Playing Catch Up: Gabriel Knight's Jane Jensen

In this week's Playing Catch-Up, we follow the career of Jane Jensen as she moves from creator and designer of Sierra’s Gabriel Knight series of adventure games and novels, to co-founder of casual games publisher Oberon, where she hoped to bring ga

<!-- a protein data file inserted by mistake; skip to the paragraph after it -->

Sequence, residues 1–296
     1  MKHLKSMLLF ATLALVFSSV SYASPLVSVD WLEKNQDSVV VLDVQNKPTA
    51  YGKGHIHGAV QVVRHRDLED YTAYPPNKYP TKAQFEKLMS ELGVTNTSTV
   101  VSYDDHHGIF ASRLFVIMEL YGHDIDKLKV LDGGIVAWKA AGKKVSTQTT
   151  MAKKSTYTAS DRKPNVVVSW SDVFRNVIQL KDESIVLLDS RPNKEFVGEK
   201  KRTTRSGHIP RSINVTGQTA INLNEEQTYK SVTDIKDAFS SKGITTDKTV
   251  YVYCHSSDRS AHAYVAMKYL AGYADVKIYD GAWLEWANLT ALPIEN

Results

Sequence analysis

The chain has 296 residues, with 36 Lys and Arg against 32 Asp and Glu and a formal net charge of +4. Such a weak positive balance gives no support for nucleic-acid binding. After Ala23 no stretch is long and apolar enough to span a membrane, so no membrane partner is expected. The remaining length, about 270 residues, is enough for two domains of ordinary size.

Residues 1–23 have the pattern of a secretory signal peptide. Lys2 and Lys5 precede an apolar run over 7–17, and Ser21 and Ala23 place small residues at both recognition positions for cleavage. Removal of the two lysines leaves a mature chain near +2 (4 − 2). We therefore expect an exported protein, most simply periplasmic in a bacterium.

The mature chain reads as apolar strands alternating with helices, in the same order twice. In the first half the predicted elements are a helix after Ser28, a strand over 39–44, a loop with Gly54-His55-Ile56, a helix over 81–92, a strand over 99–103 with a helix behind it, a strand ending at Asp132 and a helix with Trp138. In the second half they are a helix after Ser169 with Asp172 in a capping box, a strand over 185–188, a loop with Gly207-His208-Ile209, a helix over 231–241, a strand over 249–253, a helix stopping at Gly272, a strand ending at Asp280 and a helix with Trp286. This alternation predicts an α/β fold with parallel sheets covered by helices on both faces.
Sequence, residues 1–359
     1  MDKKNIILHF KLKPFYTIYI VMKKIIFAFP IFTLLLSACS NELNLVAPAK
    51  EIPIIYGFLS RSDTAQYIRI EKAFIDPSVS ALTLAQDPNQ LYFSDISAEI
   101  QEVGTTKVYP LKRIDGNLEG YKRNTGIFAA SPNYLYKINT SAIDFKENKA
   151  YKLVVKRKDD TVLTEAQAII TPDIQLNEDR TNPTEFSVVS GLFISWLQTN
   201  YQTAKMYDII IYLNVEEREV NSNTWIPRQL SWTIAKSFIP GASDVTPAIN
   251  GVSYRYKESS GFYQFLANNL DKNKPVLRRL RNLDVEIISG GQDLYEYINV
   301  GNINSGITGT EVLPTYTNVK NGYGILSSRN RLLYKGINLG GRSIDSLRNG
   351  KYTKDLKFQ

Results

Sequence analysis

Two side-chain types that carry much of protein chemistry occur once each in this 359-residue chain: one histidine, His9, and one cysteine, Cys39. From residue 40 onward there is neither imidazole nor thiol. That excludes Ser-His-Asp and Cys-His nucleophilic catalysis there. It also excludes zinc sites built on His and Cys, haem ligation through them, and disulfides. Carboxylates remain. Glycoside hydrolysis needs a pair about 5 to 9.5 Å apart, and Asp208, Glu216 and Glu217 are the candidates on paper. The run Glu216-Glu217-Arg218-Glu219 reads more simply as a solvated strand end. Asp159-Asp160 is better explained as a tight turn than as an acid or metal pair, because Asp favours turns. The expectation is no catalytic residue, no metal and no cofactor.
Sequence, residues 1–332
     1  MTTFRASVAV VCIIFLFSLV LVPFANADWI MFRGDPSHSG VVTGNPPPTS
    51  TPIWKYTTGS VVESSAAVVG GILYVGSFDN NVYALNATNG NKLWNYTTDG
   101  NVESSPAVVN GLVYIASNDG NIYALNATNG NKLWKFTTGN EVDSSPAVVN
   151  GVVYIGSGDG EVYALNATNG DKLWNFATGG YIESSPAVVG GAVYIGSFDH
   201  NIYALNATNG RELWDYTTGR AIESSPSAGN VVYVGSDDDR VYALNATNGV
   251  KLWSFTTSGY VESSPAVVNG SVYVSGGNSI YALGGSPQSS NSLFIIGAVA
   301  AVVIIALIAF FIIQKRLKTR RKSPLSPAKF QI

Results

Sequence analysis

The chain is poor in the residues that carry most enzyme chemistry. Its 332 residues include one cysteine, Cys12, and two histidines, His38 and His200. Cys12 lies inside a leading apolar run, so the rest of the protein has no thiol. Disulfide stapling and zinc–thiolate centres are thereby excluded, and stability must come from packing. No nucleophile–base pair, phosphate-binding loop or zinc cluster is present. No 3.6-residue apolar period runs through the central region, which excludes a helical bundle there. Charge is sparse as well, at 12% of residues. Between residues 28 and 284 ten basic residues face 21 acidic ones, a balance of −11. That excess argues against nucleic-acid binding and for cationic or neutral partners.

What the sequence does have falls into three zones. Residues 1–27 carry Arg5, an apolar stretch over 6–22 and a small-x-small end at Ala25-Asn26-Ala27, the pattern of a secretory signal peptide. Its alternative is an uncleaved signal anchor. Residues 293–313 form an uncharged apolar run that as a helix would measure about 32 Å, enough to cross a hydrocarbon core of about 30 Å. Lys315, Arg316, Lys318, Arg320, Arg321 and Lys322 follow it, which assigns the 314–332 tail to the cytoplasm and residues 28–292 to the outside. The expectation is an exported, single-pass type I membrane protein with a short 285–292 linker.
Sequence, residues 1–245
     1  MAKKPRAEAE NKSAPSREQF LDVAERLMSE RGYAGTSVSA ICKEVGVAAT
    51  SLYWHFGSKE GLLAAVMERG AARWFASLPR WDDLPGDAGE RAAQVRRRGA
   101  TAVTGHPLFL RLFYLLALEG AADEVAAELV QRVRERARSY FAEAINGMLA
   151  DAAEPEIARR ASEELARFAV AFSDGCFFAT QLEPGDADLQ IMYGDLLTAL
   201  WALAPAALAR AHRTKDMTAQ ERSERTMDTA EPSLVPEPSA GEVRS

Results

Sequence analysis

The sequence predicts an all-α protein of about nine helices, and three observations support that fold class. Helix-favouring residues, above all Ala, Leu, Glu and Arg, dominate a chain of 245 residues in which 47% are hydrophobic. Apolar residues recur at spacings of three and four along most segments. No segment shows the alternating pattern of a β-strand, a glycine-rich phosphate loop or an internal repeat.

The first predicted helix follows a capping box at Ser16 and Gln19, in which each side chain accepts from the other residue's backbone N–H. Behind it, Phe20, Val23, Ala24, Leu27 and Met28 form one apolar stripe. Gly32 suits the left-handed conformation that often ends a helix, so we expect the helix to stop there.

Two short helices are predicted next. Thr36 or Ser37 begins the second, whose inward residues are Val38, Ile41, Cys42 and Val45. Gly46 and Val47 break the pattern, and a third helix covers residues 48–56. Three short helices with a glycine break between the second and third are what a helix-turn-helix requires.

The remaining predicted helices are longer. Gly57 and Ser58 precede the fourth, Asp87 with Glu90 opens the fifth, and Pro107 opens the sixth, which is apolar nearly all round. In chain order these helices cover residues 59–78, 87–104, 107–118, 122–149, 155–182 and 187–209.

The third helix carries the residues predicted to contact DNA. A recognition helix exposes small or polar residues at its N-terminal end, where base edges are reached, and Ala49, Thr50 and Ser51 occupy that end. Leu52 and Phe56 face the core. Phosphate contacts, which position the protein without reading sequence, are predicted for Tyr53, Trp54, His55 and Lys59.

Today's Playing Catch-Up, a weekly column that dares to speak to notable video game industry figures about their celebrated pasts and promising futures, speaks to Jane Jensen, creator and designer of Sierra’s Gabriel Knight series of adventure games, and co-founder of casual games publisher Oberon. Logic Puzzles Jensen describes books as her “first love” while growing up, noting that she “always wanted to be a writer”. However, the search for a “lucrative career option” that was unlikely to see her “waitressing at a Denny’s,” saw her majoring in Computer Science by the time she reached college age. “I took a CS 101 class my first semester, because it was a pre-req,” she explains. “I enjoyed it and found I had a gift for it. I love logic and logic puzzles, and programming is essential one big logic puzzle.” Working with mainframes as part of the course, Jensen had the chance to delve further into that passion, when she had the chance to play Crowther and Woods’ Colossal Cave Adventure and later exited the course to move into a career as an engineer with Hewlett-Packard. After six years at the job, Jensen finally bought her first PC in 1989, followed “immediately” by the Sierra adventure games King’s Quest VI and Manhunter: San Francisco. “I was hooked big time,” she recalls. “I bought everything else in Sierra’s catalog and played it, then applied for a job there. Computer games were a way to merge my technology background with writing and that was very appealing.” “I wrote to them and sent them a resume,” she continues. “I told them that I would do programming, QA, writing or whatever. I sent them a short story. Nearly a year later I got a call from them. They were putting together a 'writer’s group' to help the game designers with dialogue and game doc material. The manager in charge of that had found my resume and story and brought me in.” The time before the interview saw Jensen facing some tough choices, though: not only would it mean a move from the Bay Area to Oakhurst, further inland in California, but the change from a Hewlett-Packard engineer to an entry level writer for Sierra On-Line would mean quite a pay cut as well. After the interview though, she says, that wasn’t a concern any more. “I was ready to sacrifice a lot to work there,” she comments. “I knew I would love my job and I didn’t see a future in writing networking or operating system code the rest of my life. It bored the crap out of me.” Manual Labor And More Jensen’s first job was as a writer for Police Quest 3 and its manual. “On that one Jim Walls was the game designer,” she explains. “He’d done the previous two Police Quest games. I came up with some story and puzzle ideas and he was open to them. But it was his game.” On her next project, Jensen found herself with a good deal more responsibility, co-designing the educational children’s adventure EcoQuest: The Search for Cetus alongside Gano Haine. It was an experience that she admits proved a challenge, not because it was her first time as a designer, but because it meant working in a team in a way she wasn’t used to. “I was working with another writer,” she comments, “which I’d never done before. By nature, I’m very much a kind of get-into-my-own-head, autonomous kind of writer. And then we also had to please the creative director, whose ideas were often foreign to the way I saw the game at the time. So the fun part was actually working on the game. The challenging part was learning to let go as a creative person and compromise.” The project went off without a problem though, and despite being “a kid’s game” the game was well received when released for PC in 1991. Jensen adds that it was “exciting” just to see the game on shelves. She continued to learn more about game design the next year, however, when she worked as co-designer, co-director and co-writer with King’s Quest creator and Sierra co-founder Roberta Williams on the sixth iteration of the series. Jensen describes the experience as “a formative” one, noting that the two tend to “design very differently”. “Roberta liked to just sit down with a huge piece of paper and map out a world - locations, where you pick up what, very basic characters,” she explains. “I’m much more of a detailed story/plotline kind of designer. But it was terrific to see her technique and I do still try to ‘back away’ to that high-level view and do that once in a while during my design process.” More importantly, Jensen had the chance to observe how Williams was “able to enforce her vision” while developing a game. “She’d write up pages and pages of very detailed comments and notes on each game build and, damn it, what she said went,” Jensen laughs. “And she was – almost - always right. That gave me a lot of confidence once I had my own game to ask for what I know is the right thing for the game.” The partnership worked well, with Heir Today, Gone Tomorrow hailed by many as the best of series when it was released, with the game soon being ported to Amiga and Macintosh as well. Jensen muses that “Roberta must have been pretty happy” with her work on the game, as she was immediately given the chance to pitch her own series. The idea she eventually came up with came from her passion for graphic novels and Anne Rice. Knight Moves “I had the idea that a mystery plotline would work really well with the interactivity you wanted in a game,” she recalls. “Find clues, examine clues, question suspects, etc. But I didn’t want to just do a straight mystery series; I wanted to involve the supernatural.” The main character of the game began life as a paranormal investigator, but was soon re-imagined by Jensen as having come from “a family line of witchhunters” in New Orleans, which she says seemed “a much better idea”. “Or so I thought at the time,” she adds wryly. “At the time, [Sierra co-founder] Ken Williams was like, ‘Well, I’m a little disappointed in this idea - I wish you’d come up with something lighter and more cheerful. No one wants to play something dark and depressing on the computer. But I guess we’ll let you go ahead’. That was pretty nerve-wracking,” Jensen comments. “I worried that he was right, that it would flop.” Nonetheless, Jensen began work on the game. “I work on the plotline first,” she says of her methodology. “I find the puzzles fall very naturally into the story structure and I am somewhat cognizant of where and how the puzzles will fit when I write the story, but at that point the story is my focus. After I have the story down, I break it down into a game design where you add in structure for locations, puzzles, inventory items, dialogue topics, etc.” Gabriel Knight: Sins of the Fathers was released for PC in 1993 to an immediately enthusiastic audience, a reception that Jensen describes as “fantastic”, adding that obviously “people were ready for some darkness and drama”. “Of course,” she qualifies, “I had the advantage of being on the Sierra label, which was the label at the time. Any new Sierra series was big news. It got good reviews almost across the board and a lot of attention. I was very, very lucky.” Immediately after the release of the game, Jensen was asked by the company to work on a sequel. While the process of writing the game was approached in much the same way as its predecessor, Jensen’s confidence with the characters meant that she felt secure in being able “to push Gabriel’s ‘bad boy-ness’ or internal darkness to its limit”. There was also a change in interface, to a more simplistic point and click format which she considered “better” at the time – a decision she feels has been vindicated by the ‘simple is better’ approach of the “casual game market” currently. The development of the game didn’t quite go to plan, though, with “one entire chapter cut” and another two merged due to the expenses of filming the live actors. “It’s not so much that it ‘went over budget’ as it was that we didn’t realize how much it would cost when we started out,” she explains. Still, she adds, despite the cuts for the game seeming particularly “brutal”, they didn’t come as a “huge surprise”. “There nearly always comes a point in a game, usually a lot later than I’d like, where cuts are required. That’s because, well, I design big games.” Despite the budget problems, The Beast Within: A Gabriel Knight Mystery performed exceptionally well when released in 1995, winning game of the year in Computer Gaming World and even receiving positive reviews from mainstream press. “I had a lot of dreams and hopes for the game,” Jensen says, “but so often things don’t quite work out that way. With Beasts Within, it did make a very positive impact in the market. I remember that Rolling Stone and Entertainment Weekly gave it extremely positive reviews. That was definitely the height of the ‘computer games and Hollywood will merge’ craze. It was a heady time. But that didn’t exactly happen.” Beasts Within, Sacred Blood After the game’s release, Jensen began a novelization of the first Gabriel Knight game, which she notes provided a few problems in terms of her “letting go of the game” – much of the dialogue in the book came right from the game, as well as the general structure, which she says “felt stilted”. Even then, the book sold well enough when released in 1996 that she was able to start working on a Beasts Within novel, though she made the decision to “just relax and go back to the root story, not worry about how the game structure turned out”. “On the Beast Within novel,” she grins, “I said screw it, and just rewrote the story from scratch, changing it as I liked and writing all new scenes and dialogue. The end result was a lot better. I was able to retell the story in a natural way, the way any storyteller will embellish a story the more he or she tells it. Since I didn’t have to worry about a filming budget, I could go to any location and describe any scene. It was fun.” The book was released in 1998, but work had begun on a third game in the series, subtitled Blood of the Sacred, Blood of the Damned, long before that time, in 1995. Jensen notes that it was “hardest of the three Gabriel Knight games” to develop, mainly due to the events going on in the industry at the time – the adventure genre was becoming less and less marketable, and Sierra was beginning to show the signs of strain. “It took a year for the game to even start,” Jensen recalls, “and then three years in production. Ken Williams stepped down during this period and the company was sold [to direct marketing service CUC International]. There wasn’t any clear direction anymore except that they weren’t big on adventure games. We were the last true adventure in production there. I was the ‘last dinosaur’ on the block. That’s the way it felt anyway. The 3D engine and scenes took a long time and the project just went on too long.” Jensen notes that the decision to use a 3D engine for the game was due mainly to the fact that it was “the hot thing” for companies to do so. “There was no question of doing it any other way,” she says. While she found it a “fun challenge” to “find ways to use the 3D navigation to improve puzzles”, Jensen comments that her “preference would be to not use real-time 3D again”. The press response to the game was mixed: though adventure game focused reviewers viewed the game in a favorable light, much of the mainstream gaming press rated the game as little better than average. Famously, Old Man Murray’s Erik Wolpaw referred to one of the title’s puzzles as “genuinely deranged”. Even so, Jensen feels “very pleased” with the way the title turned out. “The story is perhaps more obscure and bizarre than the other two games, but I really like it. I’m weird that way. I was very pleased with how the major puzzles turned out - that you could actually solve the mystery of Rennes-le-Chateau. I found it very clever,” she grins, before chuckling. “Am I allowed to say that about my own game?” The New Millennium The title was the final adventure game ever produced by the studio, and proved to be the last major title in the genre for a number of years. Jensen moved on from the company, and the industry, releasing Millennium Rising - her first non-adapted novel – in 1999, before co-founding casual gaming company Oberon Games a few years later. “I was, and still am, very intrigued by the demographics of the casual gaming market,” she comments. “My goals were to find a new audience for adventure games; to finally reach a demographic - older people and more women - who would like story-based gaming. The challenges, well, with a newbie start-up company we had to start small in terms of artistic vision.” Jensen developed the adventures Inspector Parker and BeTrapped! in 2003 and 2004 respectively, and notes that she felt it was good to be able to “develop the skill of thinking smaller” and to focus “on a very simple gameplay mechanic”. However, she soon felt the need to “get back to a big production”, and began talking with Toronto based publisher DreamCatcher Games about a project called Gray Matter. “They wanted to do it in house and start their own development branch,” Jensen says. “Gray Matter would have been their first in house project.” The project faltered, though, with Jensen only commenting that it “just didn’t work out for them business wise”. “I believe to this day they still don’t have any internal development,” she adds. Fortunately, Jensen was able to announce at Leipzig Game Convention in 2006 that the title was under development with Tonuzaba Entertainment, and would be published by Anaconda Games. Currently slated for a 2008 release, Jensen comments that the game is “coming along nicely”. “There’s always a rough period at the beginning when you’re getting the engine together and the basic process down, especially with a new team,” she muses. “But we’re past that and cranking through actual art and scripting now. There’s new stuff in the build each week. That’s when the game really begins. The art is terrific and we’re able to play through the first few chapters - and they’re fun!” Through the development of Gray Matter, Jensen has also continued to consult for Oberon, as well as designing games for them “on contract”. The company recently published the puzzle game Agatha Christie’s Death on the Nile, which Jensen – “a big Christie fan” - notes was “an easy, fun project to do”. Currently though, she is focusing all her energies on Gray Matter, and comments that her “priority is just to get Gray Matter to market with a quality level that I believe is as good at the Gabriel Knight games”. “Long term,” she considers, “I really would like to see adventure games in the casual gaming space. We should be able to sell a million units of a good adventure game - not just mine but any good adventure. That’s what I’d like to see.”